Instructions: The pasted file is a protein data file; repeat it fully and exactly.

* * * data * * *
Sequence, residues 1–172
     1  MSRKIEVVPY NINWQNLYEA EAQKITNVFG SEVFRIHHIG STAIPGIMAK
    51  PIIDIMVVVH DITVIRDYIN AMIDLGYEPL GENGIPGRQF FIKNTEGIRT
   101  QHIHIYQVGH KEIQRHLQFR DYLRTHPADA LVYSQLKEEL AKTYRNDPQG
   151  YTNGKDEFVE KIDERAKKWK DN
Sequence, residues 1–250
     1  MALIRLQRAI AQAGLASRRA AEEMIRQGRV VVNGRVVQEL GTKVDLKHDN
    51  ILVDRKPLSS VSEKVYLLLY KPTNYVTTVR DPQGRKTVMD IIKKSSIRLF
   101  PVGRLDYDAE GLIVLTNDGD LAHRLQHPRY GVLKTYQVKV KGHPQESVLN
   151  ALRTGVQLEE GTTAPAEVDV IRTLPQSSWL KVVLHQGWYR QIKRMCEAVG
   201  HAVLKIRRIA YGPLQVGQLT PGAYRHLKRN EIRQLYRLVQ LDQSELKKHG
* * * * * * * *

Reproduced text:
Sequence, residues 1–172
     1  MSRKIEVVPY NINWQNLYEA EAQKITNVFG SEVFRIHHIG STAIPGIMAK
    51  PIIDIMVVVH DITVIRDYIN AMIDLGYEPL GENGIPGRQF FIKNTEGIRT
   101  QHIHIYQVGH KEIQRHLQFR DYLRTHPADA LVYSQLKEEL AKTYRNDPQG
   151  YTNGKDEFVE KIDERAKKWK DN
Sequence, residues 1–250
     1  MALIRLQRAI AQAGLASRRA AEEMIRQGRV VVNGRVVQEL GTKVDLKHDN
    51  ILVDRKPLSS VSEKVYLLLY KPTNYVTTVR DPQGRKTVMD IIKKSSIRLF
   101  PVGRLDYDAE GLIVLTNDGD LAHRLQHPRY GVLKTYQVKV KGHPQESVLN
   151  ALRTGVQLEE GTTAPAEVDV IRTLPQSSWL KVVLHQGWYR QIKRMCEAVG
   201  HAVLKIRRIA YGPLQVGQLT PGAYRHLKRN EIRQLYRLVQ LDQSELKKHG